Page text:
How an ADHD Brain is Like a Car
Shifting gears in a car is similar to how an ADHD brain works.
Posted January 8, 2019
When you have ADHD (like me) it's hard to get your brain to do everyday tasks. Taking out the garbage can taking you six hours due to procrastination and limited executive functioning abilities. I like to compare my brain to a car. The default gear of my mind is "neutral." The challenge for me is shifting my brain into "drive." When you drive a car, the switch from neutral to drive is simple and straightforward. With ADHD, that shift is much more difficult. Here are some things that help my brain switch gears:
Do Something Fun First
You've probably heard of rewarding yourself after you do something boring with something fun. With ADHD, people have found that doing something fun first will help you accomplish something banal. I've tried this technique myself and I find it to be extremely effective. When I listen to Blink182 or another band I like and then do my budget, I'm a lot happier. The next time you have to do your taxes, go have a dance party first!
I was told by my psychiatric nurse practitioner that I'm a high energy person. This is one of the reasons I was misdiagnosed with bipolar disorder; my ADHD symptoms looked like hypomania. Before I do any work, I make sure I get outside and walk. When I say "walk," I mean an extended period of time on my feet. I walk a minimum of a mile before I sit down at a desk and do anything productive. I need to get that energy out before I complete tasks.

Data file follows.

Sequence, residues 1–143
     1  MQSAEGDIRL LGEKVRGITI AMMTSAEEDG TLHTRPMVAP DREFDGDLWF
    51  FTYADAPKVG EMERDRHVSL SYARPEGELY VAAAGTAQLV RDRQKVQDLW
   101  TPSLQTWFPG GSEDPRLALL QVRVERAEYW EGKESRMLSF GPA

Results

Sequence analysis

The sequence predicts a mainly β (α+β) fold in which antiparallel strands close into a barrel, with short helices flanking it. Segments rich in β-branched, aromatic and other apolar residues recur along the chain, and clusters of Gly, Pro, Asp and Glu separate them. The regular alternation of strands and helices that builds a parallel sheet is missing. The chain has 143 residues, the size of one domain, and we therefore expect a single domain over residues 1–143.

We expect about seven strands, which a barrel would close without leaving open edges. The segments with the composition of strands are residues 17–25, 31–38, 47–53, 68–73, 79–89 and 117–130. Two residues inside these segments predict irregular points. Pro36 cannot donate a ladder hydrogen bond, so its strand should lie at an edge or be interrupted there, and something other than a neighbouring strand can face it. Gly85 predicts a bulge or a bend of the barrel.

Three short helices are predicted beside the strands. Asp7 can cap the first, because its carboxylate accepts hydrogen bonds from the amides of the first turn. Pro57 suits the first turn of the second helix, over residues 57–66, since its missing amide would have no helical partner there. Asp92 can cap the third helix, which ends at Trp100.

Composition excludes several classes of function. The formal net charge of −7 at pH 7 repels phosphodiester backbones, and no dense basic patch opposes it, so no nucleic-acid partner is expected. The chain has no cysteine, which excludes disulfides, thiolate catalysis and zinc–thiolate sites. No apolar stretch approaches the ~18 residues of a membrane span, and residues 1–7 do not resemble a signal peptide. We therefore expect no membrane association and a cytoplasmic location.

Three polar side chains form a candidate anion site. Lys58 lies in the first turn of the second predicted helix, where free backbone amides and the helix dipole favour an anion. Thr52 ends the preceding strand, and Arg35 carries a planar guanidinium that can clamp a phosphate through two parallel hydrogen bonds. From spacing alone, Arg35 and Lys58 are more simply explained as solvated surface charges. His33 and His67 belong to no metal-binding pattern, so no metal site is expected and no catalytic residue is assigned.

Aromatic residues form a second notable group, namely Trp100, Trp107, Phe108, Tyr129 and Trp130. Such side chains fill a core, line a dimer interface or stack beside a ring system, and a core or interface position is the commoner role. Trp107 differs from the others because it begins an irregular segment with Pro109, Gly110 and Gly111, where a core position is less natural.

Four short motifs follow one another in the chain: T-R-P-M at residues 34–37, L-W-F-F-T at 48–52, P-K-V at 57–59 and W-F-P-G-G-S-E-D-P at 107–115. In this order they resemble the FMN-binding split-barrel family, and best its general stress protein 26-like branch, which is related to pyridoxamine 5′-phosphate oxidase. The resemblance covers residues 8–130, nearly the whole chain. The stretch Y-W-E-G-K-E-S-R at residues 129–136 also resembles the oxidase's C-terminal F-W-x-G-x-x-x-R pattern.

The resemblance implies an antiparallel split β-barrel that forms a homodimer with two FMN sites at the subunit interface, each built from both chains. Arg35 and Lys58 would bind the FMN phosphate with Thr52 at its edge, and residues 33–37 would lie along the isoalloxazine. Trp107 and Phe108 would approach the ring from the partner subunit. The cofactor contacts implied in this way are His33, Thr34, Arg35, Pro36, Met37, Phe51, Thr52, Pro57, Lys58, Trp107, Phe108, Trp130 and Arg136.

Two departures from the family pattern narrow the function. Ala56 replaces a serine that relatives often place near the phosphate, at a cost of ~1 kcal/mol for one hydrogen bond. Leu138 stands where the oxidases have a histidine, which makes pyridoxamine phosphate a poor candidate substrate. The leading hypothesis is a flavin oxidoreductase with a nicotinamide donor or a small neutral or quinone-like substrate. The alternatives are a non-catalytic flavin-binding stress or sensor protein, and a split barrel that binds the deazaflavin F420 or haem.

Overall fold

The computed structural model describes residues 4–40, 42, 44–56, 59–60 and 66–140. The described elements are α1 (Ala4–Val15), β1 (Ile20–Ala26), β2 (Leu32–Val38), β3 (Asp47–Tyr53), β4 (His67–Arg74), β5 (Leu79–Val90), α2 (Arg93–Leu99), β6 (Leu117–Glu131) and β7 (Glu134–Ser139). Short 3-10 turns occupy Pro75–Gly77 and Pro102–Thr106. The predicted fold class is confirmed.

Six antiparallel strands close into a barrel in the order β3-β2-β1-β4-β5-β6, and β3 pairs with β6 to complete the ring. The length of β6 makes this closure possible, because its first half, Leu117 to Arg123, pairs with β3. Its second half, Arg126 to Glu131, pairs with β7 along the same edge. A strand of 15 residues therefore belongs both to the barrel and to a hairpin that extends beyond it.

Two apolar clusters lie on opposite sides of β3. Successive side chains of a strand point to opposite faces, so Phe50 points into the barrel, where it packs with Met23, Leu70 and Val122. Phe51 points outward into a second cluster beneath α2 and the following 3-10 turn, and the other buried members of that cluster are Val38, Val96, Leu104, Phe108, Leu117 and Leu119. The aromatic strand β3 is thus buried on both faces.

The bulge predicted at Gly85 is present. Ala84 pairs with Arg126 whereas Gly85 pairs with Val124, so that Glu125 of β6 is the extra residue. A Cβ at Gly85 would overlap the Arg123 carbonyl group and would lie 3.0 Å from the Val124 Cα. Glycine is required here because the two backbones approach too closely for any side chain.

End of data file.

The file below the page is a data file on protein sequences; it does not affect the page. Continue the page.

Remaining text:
Walk Away You're Frustrated/Angry
I find that I get easily frustrated when something doesn't go my way. When I'm trying to do work and I feel angry or frustrated, I need to take a break. That usually means standing up, walking away from the computer and doing something else. Maybe that's calling a friend or drawing something. It could be that I belt out a song. Whatever I need to do to release that anger, that's what I do. On a side note: If you are struggling with anger and need help, please see a mental health professional or utilize online anger management. Anger can be a barrier to functioning if it's a serious persistent issue.
Take Breaks to Prevent Burn Out
As someone with ADHD, I can only work for short increments of time. That means I will do productive things for approximately 20 minutes, due to my attention span. After 20 minutes (and I set a timer) I take a 10-minute break. Even if I have good momentum going, I enforce this routine of taking a break. The reason is that if I continue to push myself and work more, I will eventually run out of steam and I won't want to work anymore. Breaks are a crucial part of the working process for someone with ADHD in particular.
These are a few tips and tricks I've learned to switch my ADHD brain from neutral to drive. It's also important to remember that as a person living with ADHD, your brain works differently. You have a superpower called hyperfocus where you can zero in on something that interests you and get it done rather quickly. The challenge for us is doing things that we don't actually want to do. Try using these techniques the next time you're having a challenging time getting your work completed.